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Murine CD4+ T Cell Responses Are Inhibited by Cytotoxic T Cell-Mediated Killing of Dendritic Cells and Are Restored by Antigen Transfer

  • Joel Zhi-Iong Ma,

    Current address: Department of Microbiology and Immunology, University of Melbourne, Melbourne, Victoria, Australia

    Affiliations Malaghan Institute of Medical Research, Wellington, New Zealand, School of Biological Sciences, Victoria University of Wellington, Wellington, New Zealand

  • So Nai Lim,

    Affiliations Malaghan Institute of Medical Research, Wellington, New Zealand, School of Biological Sciences, Victoria University of Wellington, Wellington, New Zealand

  • Jim Shixiang Qin,

    Current address: The Centenary Institute, Newtown, Australia

    Affiliation Malaghan Institute of Medical Research, Wellington, New Zealand

  • Jianping Yang,

    Affiliation Malaghan Institute of Medical Research, Wellington, New Zealand

  • Noriyuki Enomoto,

    Current address: Second Division, Department of Internal Medicine, Hamamatsu University School of Medicine, Hamamatsu, Japan

    Affiliation Malaghan Institute of Medical Research, Wellington, New Zealand

  • Christiane Ruedl,

    Affiliation School of Biological Sciences, Nanyang Technological University, Singapore, Republic of Singapore

  • Franca Ronchese

    fronchese@malaghan.org.nz

    Affiliations Malaghan Institute of Medical Research, Wellington, New Zealand, School of Biological Sciences, Victoria University of Wellington, Wellington, New Zealand

Murine CD4+ T Cell Responses Are Inhibited by Cytotoxic T Cell-Mediated Killing of Dendritic Cells and Are Restored by Antigen Transfer

  • Joel Zhi-Iong Ma, 
  • So Nai Lim, 
  • Jim Shixiang Qin, 
  • Jianping Yang, 
  • Noriyuki Enomoto,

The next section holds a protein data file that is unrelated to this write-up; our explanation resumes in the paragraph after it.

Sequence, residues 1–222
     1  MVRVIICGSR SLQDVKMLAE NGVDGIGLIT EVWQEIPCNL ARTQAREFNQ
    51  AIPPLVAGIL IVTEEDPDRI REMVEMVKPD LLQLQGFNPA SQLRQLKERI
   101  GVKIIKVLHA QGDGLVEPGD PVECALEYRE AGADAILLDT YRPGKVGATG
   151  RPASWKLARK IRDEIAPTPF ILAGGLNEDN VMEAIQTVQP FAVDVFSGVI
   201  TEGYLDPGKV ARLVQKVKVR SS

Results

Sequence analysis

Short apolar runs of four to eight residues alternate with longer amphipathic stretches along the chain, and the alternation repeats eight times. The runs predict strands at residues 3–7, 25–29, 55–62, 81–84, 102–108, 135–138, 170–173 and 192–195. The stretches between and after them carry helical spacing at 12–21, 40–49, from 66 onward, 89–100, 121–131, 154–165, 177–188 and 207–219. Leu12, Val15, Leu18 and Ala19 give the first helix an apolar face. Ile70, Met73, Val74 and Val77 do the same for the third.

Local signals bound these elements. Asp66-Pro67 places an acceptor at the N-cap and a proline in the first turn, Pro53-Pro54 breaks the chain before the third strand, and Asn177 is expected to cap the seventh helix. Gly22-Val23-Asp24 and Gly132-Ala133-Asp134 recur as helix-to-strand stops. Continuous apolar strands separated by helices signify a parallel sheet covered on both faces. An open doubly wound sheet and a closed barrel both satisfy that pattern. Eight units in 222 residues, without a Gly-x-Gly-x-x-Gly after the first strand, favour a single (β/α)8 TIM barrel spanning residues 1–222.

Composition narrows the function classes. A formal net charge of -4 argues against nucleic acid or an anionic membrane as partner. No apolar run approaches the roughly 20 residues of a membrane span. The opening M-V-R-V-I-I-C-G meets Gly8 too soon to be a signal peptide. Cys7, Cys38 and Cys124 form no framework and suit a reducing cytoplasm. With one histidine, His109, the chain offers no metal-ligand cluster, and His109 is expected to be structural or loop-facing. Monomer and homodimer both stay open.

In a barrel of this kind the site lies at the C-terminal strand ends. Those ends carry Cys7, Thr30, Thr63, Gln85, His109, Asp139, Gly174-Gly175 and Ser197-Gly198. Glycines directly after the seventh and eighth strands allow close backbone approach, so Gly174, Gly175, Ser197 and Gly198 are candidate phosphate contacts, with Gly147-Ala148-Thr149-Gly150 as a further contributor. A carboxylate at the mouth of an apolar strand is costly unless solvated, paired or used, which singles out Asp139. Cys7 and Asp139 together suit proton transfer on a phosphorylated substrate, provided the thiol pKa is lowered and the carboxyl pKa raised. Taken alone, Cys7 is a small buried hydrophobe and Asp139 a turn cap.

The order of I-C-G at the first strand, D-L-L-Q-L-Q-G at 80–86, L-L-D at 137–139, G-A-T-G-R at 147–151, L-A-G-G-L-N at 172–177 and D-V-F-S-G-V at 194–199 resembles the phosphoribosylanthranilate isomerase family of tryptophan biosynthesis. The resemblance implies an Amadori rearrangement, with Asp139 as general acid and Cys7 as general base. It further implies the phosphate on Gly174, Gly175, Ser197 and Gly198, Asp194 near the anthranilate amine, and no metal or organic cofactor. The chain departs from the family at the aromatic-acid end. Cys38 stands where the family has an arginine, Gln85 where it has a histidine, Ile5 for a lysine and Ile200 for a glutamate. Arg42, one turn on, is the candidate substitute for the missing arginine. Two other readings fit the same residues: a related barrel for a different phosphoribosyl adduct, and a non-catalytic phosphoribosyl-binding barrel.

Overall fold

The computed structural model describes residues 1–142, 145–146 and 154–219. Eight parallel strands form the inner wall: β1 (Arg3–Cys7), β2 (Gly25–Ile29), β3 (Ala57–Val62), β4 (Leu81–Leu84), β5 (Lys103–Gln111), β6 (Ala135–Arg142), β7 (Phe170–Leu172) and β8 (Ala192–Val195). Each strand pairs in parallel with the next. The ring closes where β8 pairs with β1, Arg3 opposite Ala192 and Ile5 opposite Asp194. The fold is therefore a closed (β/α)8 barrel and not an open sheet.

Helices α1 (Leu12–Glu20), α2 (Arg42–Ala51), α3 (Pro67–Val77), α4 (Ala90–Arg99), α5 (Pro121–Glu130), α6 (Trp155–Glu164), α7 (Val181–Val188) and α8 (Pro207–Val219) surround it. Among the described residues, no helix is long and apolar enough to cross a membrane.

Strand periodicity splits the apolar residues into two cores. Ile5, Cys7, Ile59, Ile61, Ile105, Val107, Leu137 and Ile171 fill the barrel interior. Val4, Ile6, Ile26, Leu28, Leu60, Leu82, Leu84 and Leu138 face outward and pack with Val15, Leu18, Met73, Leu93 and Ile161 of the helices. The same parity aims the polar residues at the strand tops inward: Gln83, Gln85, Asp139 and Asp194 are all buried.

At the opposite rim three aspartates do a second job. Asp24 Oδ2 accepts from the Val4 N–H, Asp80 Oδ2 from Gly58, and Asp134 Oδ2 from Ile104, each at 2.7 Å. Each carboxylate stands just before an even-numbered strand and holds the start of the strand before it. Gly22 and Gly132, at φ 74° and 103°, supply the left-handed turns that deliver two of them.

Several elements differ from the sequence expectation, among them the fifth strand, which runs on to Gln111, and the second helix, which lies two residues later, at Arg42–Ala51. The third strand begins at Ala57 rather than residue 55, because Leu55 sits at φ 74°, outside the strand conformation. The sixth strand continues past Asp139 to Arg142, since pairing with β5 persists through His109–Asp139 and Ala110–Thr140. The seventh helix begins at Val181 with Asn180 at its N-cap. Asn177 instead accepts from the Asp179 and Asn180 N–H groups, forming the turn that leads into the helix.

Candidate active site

• Christiane Ruedl, 
  • Franca Ronchese
PLOS
x

Abstract

Cytotoxic T lymphocytes (CTL) provide protection against pathogens and tumors. In addition, experiments in mouse models have shown that CTL can also kill antigen-presenting dendritic cells (DC), reducing their ability to activate primary and secondary CD8+ T cell responses. In contrast, the effects of CTL-mediated killing on CD4+ T cell responses have not been fully investigated. Here we use adoptive transfer of TCR transgenic T cells and DC immunization to show that specific CTL significantly inhibited CD4+ T cell proliferation induced by DC loaded with peptide or low concentrations of protein antigen. In contrast, CTL had little effect on CD4+ T cell proliferation induced by DC loaded with high protein concentrations or expressing antigen endogenously, even if these DC were efficiently killed and failed to accumulate in the lymph node (LN). Residual CD4+ T cell proliferation was due to the transfer of antigen from carrier DC to host APC, and predominantly involved skin DC populations. Importantly, the proliferating CD4+ T cells also developed into IFN-γ producing memory cells, a property normally requiring direct presentation by activated DC. Thus, CTL-mediated DC killing can inhibit CD4+ T cell proliferation, with the extent of inhibition being determined by the form and amount of antigen used to load DC. In the presence of high antigen concentrations, antigen transfer to host DC enables the generation of CD4+ T cell responses regardless of DC killing, and suggests mechanisms whereby CD4+ T cell responses can be amplified.

Introduction

DC are potent APC that play critical roles in cross-presentation [1] and the differentiation of naïve CD8+ T cell into CTL [2]. The development and accumulation of CTL are crucial in controlling and resolving bacterial and viral infections. Pathogen eradication and the pre-determined numerical contraction of specific CTL eventually lead to resolution of the ongoing immune response [3].